In this blog, we explore in more detail the impact of the Markets in Financial Instruments Directive II (MIFID II) regulation on marketing communications and financial promotions.
How will MiFID II impact financial promotions?
The Markets in Financial Instruments Directive comes into force in January 2018, and the near-final detail of the new regulation was published by the Financial Conduct Authority (FCA) in March this year.
Here we look specifically at the changes you need to make to your marketing and client communications once it comes into force.
Just how will the Directive affect marketing and financial promotions?
The changes MiFID II will introduce
The regulation introduces new or enhanced requirements in two main areas, covering:
- the content of financial promotions and marketing material
- the disclosure of fees and charges to clients
What are the key changes?
The changes to financial promotions rules can be found in Article 44 of the Delegated Regulation (Organisational Requirements).
For firms, one of the main changes is the requirement to treat professional (institutional) investors in the same way as retail ones. Communications with professional clients will now be classed as financial promotions, and regulated as such.
The enhanced requirements on fees and charges disclosures (found in Article 50 of the same Delegated Regulation) will also impact communications and marketing materials, demanding that firms disclose significantly more information than currently required. This will apply not just to sales materials, but to ongoing communications throughout the client relationship.
Two main points of difference from existing rules
The changes introduced under MiFID II comprise:
- new requirements regarding specific information that needs to be included in marketing materials and communications
- a more general focus on the need for marketing collateral and financial promotions to be ‘fair, clear and not misleading’
The new requirements can be summarised as follows:
- Risk warnings. While risk warnings are already compulsory on material citing potential returns and benefits, this will be extended under MiFID II.
- Prominence and formatting. Again, current rules demand that risk warnings are displayed prominently. The new regulation builds on this, with firms having to ensure that both the layout and font size of risk warnings make them as prominent as the rest of the text.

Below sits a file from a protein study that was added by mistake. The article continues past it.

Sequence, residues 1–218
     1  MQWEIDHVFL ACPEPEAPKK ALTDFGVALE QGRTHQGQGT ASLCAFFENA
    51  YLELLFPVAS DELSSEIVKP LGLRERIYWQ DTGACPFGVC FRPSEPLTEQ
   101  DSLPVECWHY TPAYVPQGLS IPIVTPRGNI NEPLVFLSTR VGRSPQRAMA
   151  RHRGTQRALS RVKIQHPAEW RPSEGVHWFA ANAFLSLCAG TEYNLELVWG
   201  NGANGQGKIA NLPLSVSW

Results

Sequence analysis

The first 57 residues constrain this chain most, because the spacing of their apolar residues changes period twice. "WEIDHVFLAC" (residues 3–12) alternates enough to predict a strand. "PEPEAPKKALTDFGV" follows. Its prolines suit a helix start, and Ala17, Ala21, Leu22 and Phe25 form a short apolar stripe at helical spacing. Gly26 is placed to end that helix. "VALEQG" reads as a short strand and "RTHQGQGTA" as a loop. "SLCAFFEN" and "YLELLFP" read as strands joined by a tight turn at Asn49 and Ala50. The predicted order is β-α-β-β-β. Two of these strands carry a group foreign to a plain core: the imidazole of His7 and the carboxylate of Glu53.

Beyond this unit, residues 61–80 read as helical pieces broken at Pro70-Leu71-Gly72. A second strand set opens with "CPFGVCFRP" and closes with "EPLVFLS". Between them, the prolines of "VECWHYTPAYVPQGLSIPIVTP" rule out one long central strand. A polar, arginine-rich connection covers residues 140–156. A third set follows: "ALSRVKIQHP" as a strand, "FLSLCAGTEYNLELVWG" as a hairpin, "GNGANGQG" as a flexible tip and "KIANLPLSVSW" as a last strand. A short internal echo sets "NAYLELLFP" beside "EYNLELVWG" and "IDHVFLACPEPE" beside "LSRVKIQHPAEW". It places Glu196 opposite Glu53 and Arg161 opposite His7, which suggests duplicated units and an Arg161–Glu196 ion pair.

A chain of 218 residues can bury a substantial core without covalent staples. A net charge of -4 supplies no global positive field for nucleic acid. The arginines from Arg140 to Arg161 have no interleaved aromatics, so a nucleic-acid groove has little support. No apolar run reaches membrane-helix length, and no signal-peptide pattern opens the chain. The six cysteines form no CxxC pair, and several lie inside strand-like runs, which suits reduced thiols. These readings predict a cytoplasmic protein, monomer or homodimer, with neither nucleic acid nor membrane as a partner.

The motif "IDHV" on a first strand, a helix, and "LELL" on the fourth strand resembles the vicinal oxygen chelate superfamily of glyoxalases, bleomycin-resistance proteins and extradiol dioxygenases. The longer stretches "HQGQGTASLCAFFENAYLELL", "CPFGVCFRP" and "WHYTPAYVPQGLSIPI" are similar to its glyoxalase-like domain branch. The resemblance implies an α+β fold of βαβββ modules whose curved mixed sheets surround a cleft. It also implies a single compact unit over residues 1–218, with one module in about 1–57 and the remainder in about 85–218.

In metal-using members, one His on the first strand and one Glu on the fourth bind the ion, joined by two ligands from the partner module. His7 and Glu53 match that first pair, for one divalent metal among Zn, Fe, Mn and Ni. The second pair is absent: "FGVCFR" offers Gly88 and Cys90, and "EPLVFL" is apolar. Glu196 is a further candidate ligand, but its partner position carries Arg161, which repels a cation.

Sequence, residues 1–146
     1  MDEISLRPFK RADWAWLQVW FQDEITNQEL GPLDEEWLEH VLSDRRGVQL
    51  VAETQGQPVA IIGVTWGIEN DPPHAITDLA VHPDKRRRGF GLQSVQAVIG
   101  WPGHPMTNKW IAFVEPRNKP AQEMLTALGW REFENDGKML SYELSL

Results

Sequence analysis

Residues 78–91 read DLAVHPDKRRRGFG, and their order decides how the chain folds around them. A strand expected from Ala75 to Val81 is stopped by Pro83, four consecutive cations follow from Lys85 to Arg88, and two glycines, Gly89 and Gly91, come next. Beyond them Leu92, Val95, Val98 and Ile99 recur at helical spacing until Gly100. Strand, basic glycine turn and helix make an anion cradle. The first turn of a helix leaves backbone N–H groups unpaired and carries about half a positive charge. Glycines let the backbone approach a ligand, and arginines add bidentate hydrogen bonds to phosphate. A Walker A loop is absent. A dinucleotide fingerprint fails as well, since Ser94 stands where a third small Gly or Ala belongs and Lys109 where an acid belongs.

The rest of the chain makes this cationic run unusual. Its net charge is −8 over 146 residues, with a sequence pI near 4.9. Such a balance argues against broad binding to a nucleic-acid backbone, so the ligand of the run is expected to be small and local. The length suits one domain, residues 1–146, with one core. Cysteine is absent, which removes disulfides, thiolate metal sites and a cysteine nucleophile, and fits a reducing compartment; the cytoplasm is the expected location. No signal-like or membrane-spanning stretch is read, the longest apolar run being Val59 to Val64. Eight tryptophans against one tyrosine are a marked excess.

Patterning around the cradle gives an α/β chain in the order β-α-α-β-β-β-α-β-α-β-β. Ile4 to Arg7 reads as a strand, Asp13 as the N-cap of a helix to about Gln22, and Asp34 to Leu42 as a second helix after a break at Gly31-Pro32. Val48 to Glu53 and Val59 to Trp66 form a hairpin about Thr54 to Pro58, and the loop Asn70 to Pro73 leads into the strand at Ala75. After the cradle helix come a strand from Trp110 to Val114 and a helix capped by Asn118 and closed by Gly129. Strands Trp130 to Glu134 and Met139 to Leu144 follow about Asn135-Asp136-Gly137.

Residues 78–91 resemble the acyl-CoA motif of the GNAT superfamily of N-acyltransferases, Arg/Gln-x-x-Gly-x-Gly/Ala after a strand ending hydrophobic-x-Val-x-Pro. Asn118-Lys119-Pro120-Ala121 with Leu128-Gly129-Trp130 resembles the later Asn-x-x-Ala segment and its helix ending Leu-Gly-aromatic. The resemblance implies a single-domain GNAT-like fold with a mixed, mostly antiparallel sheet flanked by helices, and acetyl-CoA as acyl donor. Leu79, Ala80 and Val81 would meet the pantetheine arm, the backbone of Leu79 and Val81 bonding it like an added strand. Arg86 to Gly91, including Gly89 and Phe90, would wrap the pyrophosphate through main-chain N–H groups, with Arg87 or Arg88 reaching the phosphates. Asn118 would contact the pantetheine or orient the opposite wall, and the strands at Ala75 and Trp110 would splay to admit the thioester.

- Future performance statements. Information on future performance will need to become far more detailed in future, including information on how investments might perform in both strong and weak market conditions.
- Being fair, clear and not misleading
The requirement for communications to be fair, clear and not misleading, is not new – it was introduced under MiFID.
What changes under MiFID II is the need for firms to apply this to professional clients as well as retail ones.
This may require firms to reconsider their existing materials for professional investors. It may also mean that Compliance teams have to take a stricter approach in future when it comes to considering the level of understanding assumed in marketing materials.
Four things Compliance teams should do now
So what should your team, and your business as a whole, be doing to ensure you’re prepared for the Directive?
- Start now
You may have a large amount of existing material to update in order to meet the new requirements. At the very least, as a Compliance team, you will need to review all your financial promotions to see which need updating.
This type of audit takes time. Make a start as soon as possible, if you haven’t already.
- Revisit your approvals process
If you have existing approvals checklists, they will need updating to reflect the new requirements. You may also need to strengthen your processes around record keeping to ensure you create a compliant audit trail.
Automating some of your approval processes can help to prevent regulatory compliance breaches and may be worth investigating.
Educate your firm
Make sure everyone responsible for writing and producing marketing content is aware of the changes.
As a Compliance team, you can help your Sales and Marketing colleagues to understand what’s needed so they can write content you can approve first time.
Make it easy for the business to find accurate data
The fees and charges disclosure requirements will be a challenge for many firms. The amount of data that needs to be updated and presented accurately on a regular basis creates substantial obligations.
While there is no set template for displaying this information, it is vital that it is clear and accurate. You need to work out now how you will gather and present it.
Online slide libraries can help, locking down pre-approved content and automatically pulling through updated statistics, charts and other corporate information into all slides where they appear. This sort of automation could be very helpful in enabling you to meet your obligations here.
Find out more about the impact of the new rules
Hopefully this given you an insight into the ways the new Directive will impact your marketing collateral and financial promotions.
But this is just one aspect of the new regulations. There is much more detail about them and the impact they will have on your Compliance processes.